How Reclaiming The Past Is Building A Lucrative Business

Today’s homeowners value more than location and space; many are looking for the unique and authentic in not just their decor, but in the materials used to build homes. That can mean big business for those who are able to salvage and provide building elements from vacant and derelict structures.

This Dispatch file photo from February shows a Habitat for Humanity project to extract old timbers from a house being demolished on Seventh Street South in Columbus for resale Local business Mississippi Reclaimed a resale shop for salvaged building materials purchased some of the projects materials from Habitat

Image Source: The Dispatch

History, Quality, And Old-Fashioned Durability

Secondhand wood, steel, brick, glass, and other building materials have gained new value thanks to their potential to be repurposed and resold instead of being dumped in a landfill. Some construction industry professionals are taking great pains to carefully remove fixtures, windows, steel beams, and other items so they can be incorporated into new buildings or sold as new products. In addition to cutting down on waste, the practice is a way to character, history, and in some cases, an old-fashioned level of quality and durability that can’t be found new and off-the-shelf today.

Image Source: Construction Dive

Building Businesses From Scrap And Salvage

The reclaiming trend has become so prominent, that people have been able to build businesses selling salvage materials for custom flooring and walls, countertops, accent windows, decorative brickwork, and more. By repurposing materials, homeowners are getting more than a rustic look; sometimes they’re getting exceptional quality, especially with materials like steel.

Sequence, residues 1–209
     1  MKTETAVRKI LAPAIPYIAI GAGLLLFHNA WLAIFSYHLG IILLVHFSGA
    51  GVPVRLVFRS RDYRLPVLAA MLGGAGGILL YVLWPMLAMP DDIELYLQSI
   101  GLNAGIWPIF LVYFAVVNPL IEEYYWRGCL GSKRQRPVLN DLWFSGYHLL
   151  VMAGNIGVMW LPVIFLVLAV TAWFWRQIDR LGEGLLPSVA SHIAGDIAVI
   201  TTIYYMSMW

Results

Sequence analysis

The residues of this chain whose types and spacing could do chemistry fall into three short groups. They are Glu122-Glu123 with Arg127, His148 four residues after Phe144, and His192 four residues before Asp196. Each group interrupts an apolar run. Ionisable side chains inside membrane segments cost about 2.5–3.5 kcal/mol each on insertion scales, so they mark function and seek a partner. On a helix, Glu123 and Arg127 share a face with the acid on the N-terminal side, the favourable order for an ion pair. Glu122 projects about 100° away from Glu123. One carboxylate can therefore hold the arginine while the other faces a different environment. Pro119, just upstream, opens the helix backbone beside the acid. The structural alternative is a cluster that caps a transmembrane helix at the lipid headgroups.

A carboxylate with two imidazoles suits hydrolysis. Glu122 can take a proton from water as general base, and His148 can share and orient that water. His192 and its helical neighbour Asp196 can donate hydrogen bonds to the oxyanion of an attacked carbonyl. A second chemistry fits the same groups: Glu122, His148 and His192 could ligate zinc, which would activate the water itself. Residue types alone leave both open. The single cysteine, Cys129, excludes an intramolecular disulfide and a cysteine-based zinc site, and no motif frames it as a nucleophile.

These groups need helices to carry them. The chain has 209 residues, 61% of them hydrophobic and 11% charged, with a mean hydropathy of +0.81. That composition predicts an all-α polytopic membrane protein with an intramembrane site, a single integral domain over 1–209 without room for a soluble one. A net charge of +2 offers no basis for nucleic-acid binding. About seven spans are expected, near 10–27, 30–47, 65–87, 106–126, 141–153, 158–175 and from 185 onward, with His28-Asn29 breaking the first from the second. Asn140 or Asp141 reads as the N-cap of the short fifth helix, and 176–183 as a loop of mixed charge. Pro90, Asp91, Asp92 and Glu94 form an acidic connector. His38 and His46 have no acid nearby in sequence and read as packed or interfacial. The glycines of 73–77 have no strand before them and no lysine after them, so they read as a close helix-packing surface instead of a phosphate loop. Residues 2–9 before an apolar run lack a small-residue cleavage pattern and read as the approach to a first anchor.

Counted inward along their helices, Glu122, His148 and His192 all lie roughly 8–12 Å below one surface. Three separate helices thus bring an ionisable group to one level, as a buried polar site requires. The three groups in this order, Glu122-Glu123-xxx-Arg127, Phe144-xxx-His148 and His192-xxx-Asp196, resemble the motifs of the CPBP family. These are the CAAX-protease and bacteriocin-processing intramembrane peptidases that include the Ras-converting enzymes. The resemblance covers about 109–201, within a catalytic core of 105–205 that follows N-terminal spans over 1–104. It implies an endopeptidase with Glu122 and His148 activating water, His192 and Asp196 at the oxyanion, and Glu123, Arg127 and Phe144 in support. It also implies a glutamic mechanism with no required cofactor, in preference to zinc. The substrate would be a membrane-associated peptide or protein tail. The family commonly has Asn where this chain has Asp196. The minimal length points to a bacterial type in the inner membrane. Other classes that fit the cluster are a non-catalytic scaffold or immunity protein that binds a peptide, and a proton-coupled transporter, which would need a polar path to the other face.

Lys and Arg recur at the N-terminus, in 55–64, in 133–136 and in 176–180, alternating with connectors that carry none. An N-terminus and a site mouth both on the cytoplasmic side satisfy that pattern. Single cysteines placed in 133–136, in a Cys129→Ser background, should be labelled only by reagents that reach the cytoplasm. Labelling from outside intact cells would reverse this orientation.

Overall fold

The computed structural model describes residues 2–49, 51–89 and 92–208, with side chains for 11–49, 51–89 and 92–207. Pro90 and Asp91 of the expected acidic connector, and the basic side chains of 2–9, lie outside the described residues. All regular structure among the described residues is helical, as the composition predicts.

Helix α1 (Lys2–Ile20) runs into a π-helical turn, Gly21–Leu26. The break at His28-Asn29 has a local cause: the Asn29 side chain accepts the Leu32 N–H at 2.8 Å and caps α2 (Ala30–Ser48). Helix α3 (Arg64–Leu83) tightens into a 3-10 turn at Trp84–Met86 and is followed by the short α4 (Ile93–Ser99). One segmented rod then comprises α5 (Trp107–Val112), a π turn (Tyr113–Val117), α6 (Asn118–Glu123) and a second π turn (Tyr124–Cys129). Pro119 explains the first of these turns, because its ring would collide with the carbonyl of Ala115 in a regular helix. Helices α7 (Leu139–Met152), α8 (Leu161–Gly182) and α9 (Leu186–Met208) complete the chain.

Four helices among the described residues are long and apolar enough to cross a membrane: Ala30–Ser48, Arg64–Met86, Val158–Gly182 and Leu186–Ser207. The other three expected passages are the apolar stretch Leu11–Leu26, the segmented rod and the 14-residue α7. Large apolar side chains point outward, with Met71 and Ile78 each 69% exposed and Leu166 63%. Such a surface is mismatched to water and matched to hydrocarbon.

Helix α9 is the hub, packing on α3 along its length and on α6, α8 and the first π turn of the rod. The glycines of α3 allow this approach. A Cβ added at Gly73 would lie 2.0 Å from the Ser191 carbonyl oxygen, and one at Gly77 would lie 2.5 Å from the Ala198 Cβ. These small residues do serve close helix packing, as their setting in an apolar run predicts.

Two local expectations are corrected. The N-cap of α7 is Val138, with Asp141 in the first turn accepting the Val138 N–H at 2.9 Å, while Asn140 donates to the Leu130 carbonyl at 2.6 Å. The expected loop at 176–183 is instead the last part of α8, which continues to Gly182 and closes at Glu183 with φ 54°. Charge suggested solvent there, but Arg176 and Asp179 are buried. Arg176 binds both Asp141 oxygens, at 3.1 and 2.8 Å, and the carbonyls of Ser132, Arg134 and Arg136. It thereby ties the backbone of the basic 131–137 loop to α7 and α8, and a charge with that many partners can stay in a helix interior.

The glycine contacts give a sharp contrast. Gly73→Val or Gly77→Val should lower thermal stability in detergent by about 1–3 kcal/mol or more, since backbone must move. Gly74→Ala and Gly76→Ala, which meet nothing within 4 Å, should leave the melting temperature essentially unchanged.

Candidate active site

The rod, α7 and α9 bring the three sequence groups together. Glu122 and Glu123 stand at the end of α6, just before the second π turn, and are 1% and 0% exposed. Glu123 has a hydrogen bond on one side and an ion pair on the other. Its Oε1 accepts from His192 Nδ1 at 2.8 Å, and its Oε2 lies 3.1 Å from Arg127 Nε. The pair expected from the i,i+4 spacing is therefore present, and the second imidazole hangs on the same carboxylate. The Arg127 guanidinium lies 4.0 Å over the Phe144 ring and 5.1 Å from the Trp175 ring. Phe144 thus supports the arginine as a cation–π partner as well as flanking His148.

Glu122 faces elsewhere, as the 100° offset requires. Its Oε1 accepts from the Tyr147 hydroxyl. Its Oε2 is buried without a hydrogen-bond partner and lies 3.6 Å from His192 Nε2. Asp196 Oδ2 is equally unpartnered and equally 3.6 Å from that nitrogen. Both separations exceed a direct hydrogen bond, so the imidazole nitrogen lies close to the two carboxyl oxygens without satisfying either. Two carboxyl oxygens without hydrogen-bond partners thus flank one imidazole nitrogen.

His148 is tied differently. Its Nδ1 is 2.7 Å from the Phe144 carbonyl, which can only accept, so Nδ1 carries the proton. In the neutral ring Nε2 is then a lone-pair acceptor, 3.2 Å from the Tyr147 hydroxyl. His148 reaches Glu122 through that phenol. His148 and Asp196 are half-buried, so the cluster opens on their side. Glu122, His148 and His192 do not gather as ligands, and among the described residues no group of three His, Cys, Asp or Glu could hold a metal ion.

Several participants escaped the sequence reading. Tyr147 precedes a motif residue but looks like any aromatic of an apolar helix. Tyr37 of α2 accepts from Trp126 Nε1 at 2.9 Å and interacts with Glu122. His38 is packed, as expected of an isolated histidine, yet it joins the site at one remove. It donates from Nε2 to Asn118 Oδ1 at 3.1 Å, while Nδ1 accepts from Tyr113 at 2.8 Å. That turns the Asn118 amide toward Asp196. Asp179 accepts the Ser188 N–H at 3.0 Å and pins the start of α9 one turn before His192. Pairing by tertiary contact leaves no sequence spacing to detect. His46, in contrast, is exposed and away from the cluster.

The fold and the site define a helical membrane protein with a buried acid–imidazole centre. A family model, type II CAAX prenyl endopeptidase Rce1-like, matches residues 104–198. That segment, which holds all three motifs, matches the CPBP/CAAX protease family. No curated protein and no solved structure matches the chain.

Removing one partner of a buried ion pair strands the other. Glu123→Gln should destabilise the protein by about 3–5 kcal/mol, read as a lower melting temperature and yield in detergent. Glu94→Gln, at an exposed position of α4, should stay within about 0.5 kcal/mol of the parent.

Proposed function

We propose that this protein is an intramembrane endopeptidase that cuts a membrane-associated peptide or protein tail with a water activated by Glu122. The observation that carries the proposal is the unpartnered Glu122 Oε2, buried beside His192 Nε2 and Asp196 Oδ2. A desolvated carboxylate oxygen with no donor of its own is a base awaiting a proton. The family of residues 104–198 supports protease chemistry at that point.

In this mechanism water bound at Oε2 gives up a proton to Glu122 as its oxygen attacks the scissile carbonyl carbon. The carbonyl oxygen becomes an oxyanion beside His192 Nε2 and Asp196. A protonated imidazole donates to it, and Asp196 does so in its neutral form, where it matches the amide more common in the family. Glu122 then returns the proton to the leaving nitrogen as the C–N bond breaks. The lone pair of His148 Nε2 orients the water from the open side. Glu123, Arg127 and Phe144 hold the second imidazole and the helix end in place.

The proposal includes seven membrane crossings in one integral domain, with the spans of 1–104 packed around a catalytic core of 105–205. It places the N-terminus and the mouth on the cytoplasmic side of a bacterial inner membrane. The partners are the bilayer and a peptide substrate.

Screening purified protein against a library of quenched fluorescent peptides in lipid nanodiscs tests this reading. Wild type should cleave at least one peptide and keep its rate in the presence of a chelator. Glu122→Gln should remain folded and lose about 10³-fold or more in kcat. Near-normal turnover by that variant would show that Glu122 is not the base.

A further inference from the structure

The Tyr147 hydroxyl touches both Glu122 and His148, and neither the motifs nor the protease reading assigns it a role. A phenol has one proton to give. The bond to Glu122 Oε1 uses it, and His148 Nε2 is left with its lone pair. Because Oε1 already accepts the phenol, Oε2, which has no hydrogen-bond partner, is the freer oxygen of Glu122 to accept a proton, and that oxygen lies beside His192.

Steel Showing Its Age And Strength

While today’s building components are made to suit very specific requirements—based on a structure and updated building regulations—steel salvaged from older buildings has been said to offer as much as double the strength required. As C1S Group construction manager, Dustin White told Construction Dive, manufacturers of the past lacked our modern ability to carefully calculate material strength needed for a specific architectural design. Instead, building elements were simply made stronger to compensate for any potential errors or irregularities, which makes them of superior strength and quality compared to today’s standards.


What are your thoughts on this trend that has made construction salvage chic and desirable? Comment and let us know.

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